Disability Benefits: Seven bills would enhance disability benefits by expanding presumptions that certain ailments are related to public employment, expand disability benefits for Nassau County employees, or provide other enhancements.
Two bills would expand presumptions that certain ailments experienced by retirees were caused by public employment, making these retirees eligible for enhanced disability benefits:
- A4436/S3801 would apply to airport firefighters and training and safety officers in the New York State Division of Military and Naval Affairs with heart disease, lung disease, and certain forms of cancer. This bill would cost $820,000 in the first year and $95,000 annually thereafter.
- A5301/S3841 would apply to heart-related disabilities experienced by SUNY police officers. The fiscal impact is estimated to be negligible.
Three bills would expand disability benefits for Tier 3, 4, 5, and 6 employees of Nassau County, which is currently under a financial control board because of past fiscal mismanagement. All three of these bills were vetoed last year:
- A5021/S3946 would allow sheriffs, undersheriffs, deputy sheriffs, and correction officers to be eligible for performance of duty disability benefits due to the intentional or reckless act of a civilian visiting a county institution. The benefit would be 75 percent of final average salary (FAS) less workers’ compensation. Currently, to be eligible for such improved benefit, injuries must be caused by an inmate. This bill would cost Nassau County $1.5 million in the first year and $220,000 annually thereafter.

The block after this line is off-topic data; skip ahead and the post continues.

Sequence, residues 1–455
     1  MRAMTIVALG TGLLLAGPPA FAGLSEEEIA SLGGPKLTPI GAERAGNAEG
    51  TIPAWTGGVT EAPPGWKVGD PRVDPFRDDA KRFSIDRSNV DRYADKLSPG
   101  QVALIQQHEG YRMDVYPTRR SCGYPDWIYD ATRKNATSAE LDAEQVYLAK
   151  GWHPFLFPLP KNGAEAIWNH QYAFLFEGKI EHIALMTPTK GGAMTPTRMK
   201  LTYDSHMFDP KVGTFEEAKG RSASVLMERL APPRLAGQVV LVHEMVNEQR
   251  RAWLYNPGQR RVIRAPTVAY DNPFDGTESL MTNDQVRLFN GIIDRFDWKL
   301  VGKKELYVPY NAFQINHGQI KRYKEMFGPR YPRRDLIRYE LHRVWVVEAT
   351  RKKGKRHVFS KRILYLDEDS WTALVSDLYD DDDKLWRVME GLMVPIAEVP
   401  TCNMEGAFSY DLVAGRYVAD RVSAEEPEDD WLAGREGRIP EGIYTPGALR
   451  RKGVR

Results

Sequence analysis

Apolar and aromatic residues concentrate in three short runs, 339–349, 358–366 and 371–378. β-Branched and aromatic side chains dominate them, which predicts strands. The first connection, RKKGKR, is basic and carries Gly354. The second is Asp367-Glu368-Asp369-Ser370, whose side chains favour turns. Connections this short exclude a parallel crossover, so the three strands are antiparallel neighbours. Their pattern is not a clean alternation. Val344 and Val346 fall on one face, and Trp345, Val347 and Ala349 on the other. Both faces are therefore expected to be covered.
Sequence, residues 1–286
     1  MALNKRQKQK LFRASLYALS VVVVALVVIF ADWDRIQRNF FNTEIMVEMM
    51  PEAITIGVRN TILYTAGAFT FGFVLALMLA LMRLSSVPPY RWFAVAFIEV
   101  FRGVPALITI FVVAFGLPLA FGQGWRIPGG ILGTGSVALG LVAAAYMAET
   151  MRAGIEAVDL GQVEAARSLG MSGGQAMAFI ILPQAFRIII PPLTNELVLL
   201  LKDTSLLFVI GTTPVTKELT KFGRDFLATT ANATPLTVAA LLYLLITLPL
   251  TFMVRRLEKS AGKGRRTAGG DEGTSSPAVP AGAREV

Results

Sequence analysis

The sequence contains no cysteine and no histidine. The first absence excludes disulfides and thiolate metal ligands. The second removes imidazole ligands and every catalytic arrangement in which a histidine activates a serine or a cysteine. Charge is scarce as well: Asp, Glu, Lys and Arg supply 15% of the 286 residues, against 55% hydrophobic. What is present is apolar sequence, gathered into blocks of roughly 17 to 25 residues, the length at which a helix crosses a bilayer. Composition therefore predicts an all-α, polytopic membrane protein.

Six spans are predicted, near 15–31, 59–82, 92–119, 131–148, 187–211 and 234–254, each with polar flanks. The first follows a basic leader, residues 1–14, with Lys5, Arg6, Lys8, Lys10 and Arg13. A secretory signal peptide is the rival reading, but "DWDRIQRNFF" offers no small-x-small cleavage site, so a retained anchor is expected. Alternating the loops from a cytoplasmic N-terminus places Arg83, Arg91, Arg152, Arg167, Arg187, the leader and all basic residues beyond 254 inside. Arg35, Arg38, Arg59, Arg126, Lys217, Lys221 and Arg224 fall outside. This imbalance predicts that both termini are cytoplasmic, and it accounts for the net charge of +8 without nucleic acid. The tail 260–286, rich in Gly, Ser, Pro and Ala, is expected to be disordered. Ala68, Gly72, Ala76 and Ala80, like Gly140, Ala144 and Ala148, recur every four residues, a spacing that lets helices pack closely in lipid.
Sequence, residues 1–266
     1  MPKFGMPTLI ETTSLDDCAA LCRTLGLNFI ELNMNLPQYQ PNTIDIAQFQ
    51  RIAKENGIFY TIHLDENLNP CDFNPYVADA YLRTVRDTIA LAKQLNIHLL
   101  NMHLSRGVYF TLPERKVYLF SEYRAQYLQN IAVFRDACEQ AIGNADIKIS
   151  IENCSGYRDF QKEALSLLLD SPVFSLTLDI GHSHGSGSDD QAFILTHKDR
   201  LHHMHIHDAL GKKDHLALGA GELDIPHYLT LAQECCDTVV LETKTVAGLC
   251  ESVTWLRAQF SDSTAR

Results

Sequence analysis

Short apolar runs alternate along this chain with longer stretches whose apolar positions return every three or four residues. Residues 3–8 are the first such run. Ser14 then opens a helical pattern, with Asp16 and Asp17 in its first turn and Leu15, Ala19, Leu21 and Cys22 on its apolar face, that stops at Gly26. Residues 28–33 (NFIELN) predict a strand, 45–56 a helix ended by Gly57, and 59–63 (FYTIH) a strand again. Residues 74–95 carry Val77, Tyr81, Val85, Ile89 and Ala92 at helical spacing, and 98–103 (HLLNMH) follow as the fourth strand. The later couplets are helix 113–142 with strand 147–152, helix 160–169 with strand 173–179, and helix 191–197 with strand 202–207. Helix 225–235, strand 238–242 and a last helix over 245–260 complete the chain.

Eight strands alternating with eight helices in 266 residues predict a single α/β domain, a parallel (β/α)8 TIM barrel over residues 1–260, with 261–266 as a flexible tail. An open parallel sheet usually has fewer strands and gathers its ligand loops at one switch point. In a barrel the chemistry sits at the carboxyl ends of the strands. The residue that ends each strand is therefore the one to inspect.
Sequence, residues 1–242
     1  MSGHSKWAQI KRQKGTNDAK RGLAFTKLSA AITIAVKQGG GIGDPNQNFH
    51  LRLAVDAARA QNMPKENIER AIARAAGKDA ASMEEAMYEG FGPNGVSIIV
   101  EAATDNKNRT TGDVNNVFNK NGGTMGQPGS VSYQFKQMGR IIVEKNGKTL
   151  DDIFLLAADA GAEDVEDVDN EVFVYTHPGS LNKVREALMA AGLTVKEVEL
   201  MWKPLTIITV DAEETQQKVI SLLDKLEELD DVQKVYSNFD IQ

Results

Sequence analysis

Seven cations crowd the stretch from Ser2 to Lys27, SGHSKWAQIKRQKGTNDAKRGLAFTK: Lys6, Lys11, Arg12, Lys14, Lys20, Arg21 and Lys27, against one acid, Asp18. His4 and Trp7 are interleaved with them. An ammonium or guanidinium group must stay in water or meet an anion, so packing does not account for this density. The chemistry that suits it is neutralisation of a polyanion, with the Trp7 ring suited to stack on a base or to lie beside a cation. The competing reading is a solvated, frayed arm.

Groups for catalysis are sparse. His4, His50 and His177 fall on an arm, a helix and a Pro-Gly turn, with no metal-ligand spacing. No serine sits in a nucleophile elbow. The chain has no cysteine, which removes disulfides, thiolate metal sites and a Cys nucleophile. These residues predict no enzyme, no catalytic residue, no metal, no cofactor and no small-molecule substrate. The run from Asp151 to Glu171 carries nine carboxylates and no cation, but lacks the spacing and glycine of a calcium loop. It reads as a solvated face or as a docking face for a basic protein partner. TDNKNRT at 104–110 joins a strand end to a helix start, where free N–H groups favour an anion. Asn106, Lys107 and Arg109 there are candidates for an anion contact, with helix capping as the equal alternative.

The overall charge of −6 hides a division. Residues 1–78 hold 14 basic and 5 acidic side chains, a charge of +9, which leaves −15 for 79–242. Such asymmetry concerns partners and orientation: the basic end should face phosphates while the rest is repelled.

- A5324/S5133 would grant ambulance medical technician supervisors, ambulance medical technician coordinators, and ambulance medical technicians an enhanced disability benefit for injuries sustained in the performance of duty. The benefit for a performance of duty disability would be 50 percent of FAS and cost Nassau County $2.1 million in the first year and $270,000 annually thereafter.
- A5820/S3813 would grant any chief fire marshal, assistant chief fire marshal, division supervising fire marshal, supervising fire marshal, fire marshal, and fire marshal trainee an enhanced disability benefit for injuries sustained in the performance of duty. The benefit for a performance of duty disability would be 50 percent of FAS. This bill would cost Nassau County $227,000 in the first year and approximately $30,000 annually thereafter.
Two other bills also would enhance disability benefits:
- A6214/S3922 would enhance accidental and performance of duty disability pensions for certain members or officers of the DEC Division of Law Enforcement, forest rangers, regional state park police, and university police officers. The benefit for an accidental disability would be 75 percent of FAS minus workers compensation. Benefit for a performance of duty disability would be 50 percent of FAS. This bill would cost $1.4 million in the first year and $360,000 annually thereafter.
- A4432/S3675 would allow Tier 3, 4, 5, and 6 uniformed court officers and peace officers in the New York State Unified Court System to be eligible for accidental disability benefits for injuries sustained in the performance of duty as the result of a physical assault. The benefit would be 75 percent of FAS less workers compensation. The fiscal note does not provide an estimate of costs.
Other: Two other bills would provide other benefits for public employees:
- A7248/S5291 would extend “last hired, first fired” provisions to certain skilled titles not subject to civil services tests. There is no fiscal note provided with this bill, but it would likely increase costs as public employers would be required to retain the longest-tenured employees instead of the most productive.
- A5386/S3918 would authorize the Triborough Bridge and Tunnel Authority employee organization to opt into binding arbitration.
You have effectively contained personnel costs by adopting needed pension and health insurance reforms and rejected all 12 benefit sweeteners that made it to your desk last year. I urge you to continue that tradition by vetoing these 18 unwarranted expansions of employee and retiree benefits.
Andrew S. Rein
Citizens Budget Commission